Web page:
Dr. Le-Bucklin’s Answer:
As a collective group, multiples are more likely to be slightly behind in development compared to singletons. The most common reason for this is that multiples are more likely to be born premature.
If you remove the effects of prematurity, speech and language delay is more common in twins than in singletons. However, studies show that the more adult speech a child is exposed to, especially in the first three years of life, the greater their language and academic potential. Therefore, parents can have a positive influence on their twins’ language development by talking, singing, and reading to their twins as much as possible.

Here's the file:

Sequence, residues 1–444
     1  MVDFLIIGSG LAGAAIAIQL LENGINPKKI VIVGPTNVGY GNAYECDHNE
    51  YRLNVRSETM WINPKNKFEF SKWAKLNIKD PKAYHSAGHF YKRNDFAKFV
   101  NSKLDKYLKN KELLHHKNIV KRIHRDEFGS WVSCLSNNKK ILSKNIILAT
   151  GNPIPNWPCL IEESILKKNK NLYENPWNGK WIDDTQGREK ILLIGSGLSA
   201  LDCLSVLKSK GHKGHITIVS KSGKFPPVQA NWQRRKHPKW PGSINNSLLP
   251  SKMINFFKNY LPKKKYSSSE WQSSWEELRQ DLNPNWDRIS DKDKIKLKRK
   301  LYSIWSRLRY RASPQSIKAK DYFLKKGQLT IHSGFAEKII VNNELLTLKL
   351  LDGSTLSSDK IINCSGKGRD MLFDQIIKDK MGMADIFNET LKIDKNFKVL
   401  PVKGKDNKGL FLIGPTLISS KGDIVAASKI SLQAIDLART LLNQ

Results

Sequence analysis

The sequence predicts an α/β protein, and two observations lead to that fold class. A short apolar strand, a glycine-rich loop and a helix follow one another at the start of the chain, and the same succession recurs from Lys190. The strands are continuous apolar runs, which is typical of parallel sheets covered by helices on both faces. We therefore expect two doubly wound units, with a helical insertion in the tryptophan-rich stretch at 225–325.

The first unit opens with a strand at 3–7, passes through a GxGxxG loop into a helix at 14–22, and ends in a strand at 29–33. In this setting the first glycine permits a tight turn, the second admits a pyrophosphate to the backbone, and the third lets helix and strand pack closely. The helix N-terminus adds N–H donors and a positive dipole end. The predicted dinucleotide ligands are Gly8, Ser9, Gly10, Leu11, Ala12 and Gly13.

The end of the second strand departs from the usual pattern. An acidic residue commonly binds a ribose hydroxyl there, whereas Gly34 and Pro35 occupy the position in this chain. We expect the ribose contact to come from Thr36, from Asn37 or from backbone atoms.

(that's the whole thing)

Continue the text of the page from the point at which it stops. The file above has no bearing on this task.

While parents can assist with maximizing their twins’ language development as described above, it’s also important to know that sometimes, twins may need more intensive intervention by a speech and language therapist. Parents should never feel that they have somehow failed their children if a child is diagnosed with a delay. A speech and language therapist can assist by providing direct therapy as well as offering parents and caregivers ideas for enriching the language environment at school and at home.
Note: I was recently interviewed by Lani, the mother of triplets and co-founder of the Multiples and More Blog Network. This question was from our interview.
Photo credit: Vladimir Pustovit